Distribution of hydrogen sulfide (H2S)-producing enzymes and the roles of the H2S donor sodium hydrosulfide in diabetic nephropathy
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Hydrogen sulfide (H2S) has recently been found to play beneficial roles in ameliorating several diseases, including hypertension, atherosclerosis and cardiac/renal ischemia–reperfusion injuries. Cystathionine β-synthase (CBS) and cystathionine γ-lyase (CSE), the main enzymes in the transsulfuration pathway, catalyze H2S production in mammalian tissues. However, the distributions and precise roles of these enzymes in the kidney have not yet been identified.
The present study examined the localization of both enzymes in the normal kidney and the effect of the H2S donor sodium hydrosulfide (NaHS) in the renal peritubular capillary (PTC) under conditions of diabetic nephropathy, using pancreatic β-cell-specific calmodulin-overexpressing transgenic mice as a model of diabetes.
In the normal kidney, we detected expression of both CBS and CSE in the brush border and cytoplasm of the proximal tubules, but not in the glomeruli, distal tubules and vascular endothelial cells of renal PTCs. Administration of NaHS increased PTC diameter and blood flow. We further evaluated whether biosynthesis of H2S was altered in a spontaneous diabetic model that developed renal lesions similar to human diabetic nephropathy. CSE expression was markedly reduced under diabetic conditions, whereas CBS expression was unaffected. Progressive diabetic nephropathy showed vasoconstriction and a loss of blood flow in PTCs that was ameliorated by NaHS treatment.
These findings suggest that CSE expression in the proximal tubules may also regulate tubulointerstitial microcirculation via H2S production. H2S may represent a target of treatment to prevent progression of ischemic injury in diabetic nephropathy.
KeywordsHydrogen sulfide (H2S) Cystathionine β-synthase (CBS) Cystathionine γ-lyase (CSE) Diabetic nephropathy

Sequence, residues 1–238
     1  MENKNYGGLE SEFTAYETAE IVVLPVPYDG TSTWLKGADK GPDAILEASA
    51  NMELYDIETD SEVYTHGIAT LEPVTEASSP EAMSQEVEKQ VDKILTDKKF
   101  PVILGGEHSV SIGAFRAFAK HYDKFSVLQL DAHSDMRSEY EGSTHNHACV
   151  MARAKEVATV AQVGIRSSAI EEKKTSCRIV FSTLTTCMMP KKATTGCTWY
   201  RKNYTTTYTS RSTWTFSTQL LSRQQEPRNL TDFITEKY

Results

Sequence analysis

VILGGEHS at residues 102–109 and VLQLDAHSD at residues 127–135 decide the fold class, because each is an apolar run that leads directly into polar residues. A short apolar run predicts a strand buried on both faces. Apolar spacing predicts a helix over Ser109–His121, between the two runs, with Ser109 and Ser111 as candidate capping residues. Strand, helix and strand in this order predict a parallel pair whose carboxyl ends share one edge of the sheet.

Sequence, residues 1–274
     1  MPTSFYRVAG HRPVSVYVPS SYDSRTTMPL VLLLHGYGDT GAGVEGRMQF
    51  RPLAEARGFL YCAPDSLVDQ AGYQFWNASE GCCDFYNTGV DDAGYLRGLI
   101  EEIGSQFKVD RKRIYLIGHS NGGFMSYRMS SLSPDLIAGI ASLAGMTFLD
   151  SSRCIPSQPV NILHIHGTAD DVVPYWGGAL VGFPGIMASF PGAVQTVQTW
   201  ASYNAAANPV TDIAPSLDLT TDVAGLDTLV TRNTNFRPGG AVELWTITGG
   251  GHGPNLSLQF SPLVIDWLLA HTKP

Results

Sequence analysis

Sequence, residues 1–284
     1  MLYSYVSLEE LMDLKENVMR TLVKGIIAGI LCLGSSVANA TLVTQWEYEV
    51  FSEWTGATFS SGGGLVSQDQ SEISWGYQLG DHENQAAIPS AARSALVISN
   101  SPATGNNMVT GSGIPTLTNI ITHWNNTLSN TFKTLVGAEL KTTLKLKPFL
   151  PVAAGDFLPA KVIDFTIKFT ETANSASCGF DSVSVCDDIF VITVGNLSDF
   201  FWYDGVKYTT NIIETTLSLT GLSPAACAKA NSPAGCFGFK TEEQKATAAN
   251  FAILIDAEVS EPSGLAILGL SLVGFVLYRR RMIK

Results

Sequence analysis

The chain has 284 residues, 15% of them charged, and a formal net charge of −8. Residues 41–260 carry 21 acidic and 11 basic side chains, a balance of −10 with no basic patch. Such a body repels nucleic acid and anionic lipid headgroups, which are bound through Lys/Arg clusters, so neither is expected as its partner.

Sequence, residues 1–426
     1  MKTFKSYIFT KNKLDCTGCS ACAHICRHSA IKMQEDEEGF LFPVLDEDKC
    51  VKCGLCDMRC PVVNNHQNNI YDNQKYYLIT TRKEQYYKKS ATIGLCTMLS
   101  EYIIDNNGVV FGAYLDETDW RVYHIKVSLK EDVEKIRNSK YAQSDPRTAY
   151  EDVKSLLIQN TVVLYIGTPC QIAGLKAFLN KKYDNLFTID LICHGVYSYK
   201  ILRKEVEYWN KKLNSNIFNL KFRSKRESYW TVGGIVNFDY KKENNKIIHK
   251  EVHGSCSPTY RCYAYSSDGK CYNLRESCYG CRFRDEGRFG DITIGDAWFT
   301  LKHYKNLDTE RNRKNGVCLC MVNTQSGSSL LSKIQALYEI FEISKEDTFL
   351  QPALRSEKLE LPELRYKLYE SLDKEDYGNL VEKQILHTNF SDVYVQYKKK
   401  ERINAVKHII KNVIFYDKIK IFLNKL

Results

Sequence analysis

Hydrogen sulfide (H2S) has traditionally been considered a toxic gas with the smell of rotten eggs, but is now also known as a third gasotransmitter, along with nitric oxide (NO) and carbon monoxide (CO) [1, 2]. The physiological and pathological functions of H2S include neurotransmission , vascular relaxation [3, 4], insulin secretion , cell proliferation and apoptosis .
The key enzymatic production of H2S from l-cysteine in mammalian tissues is catalyzed by cystathionine γ-lyase (CSE) and cystathionine β-synthase (CBS) [1, 3]. CSE is distributed in smooth muscle cells, liver and pancreas [5, 7, 8], whereas CBS is found in the brain, liver, kidney and pancreas [5, 8]. However, the roles of these two enzymes in the kidney remain unclear.
We previously reported that hyperglycemia reduces the level of endothelial NO synthase (eNOS) expression in the diabetic kidney, thereby reducing NO production and subsequently inducing endothelial dysfunction . We postulated that hyperglycemia would also decrease CSE expression in the kidney, which may cause renal microcirculation injury and renal ischemia. To investigate the roles of CSE and CBS in the kidney, the present study examined the localization of both enzymes in the normal kidney and the effect of the H2S donor sodium hydrosulfide (NaHS) in the renal peritubular capillary (PTC) under conditions of diabetic nephropathy, using pancreatic β-cell-specific calmodulin-overexpressing transgenic (CaMTg, also called as OVE26) mice as a model of diabetes .
Materials and methods
CaMTg mice were kindly provided by Prof. A. R. Means (Duke University, Durham, NC, USA). Male transgenic mice were bred with female ICR strain mice (Japan SLC, Hamamatsu, Japan). The methods for the production and the phenotypes of CaMTg mice have been described previously [9, 10, 11]. Briefly, they show spontaneous hyperglycemia at 4 weeks old, resulting in advanced lesions at 3 months old. Non-transgenic (nTg) littermates were used as normal controls. Blood glucose levels were measured monthly, using a glucometer. These mice were killed at 3 months old. Blood urea nitrogen, serum creatinine and albuminuria were measured as described previously . This study was approved by the Committees on Animal Experiments of Oita University and Nagoya University.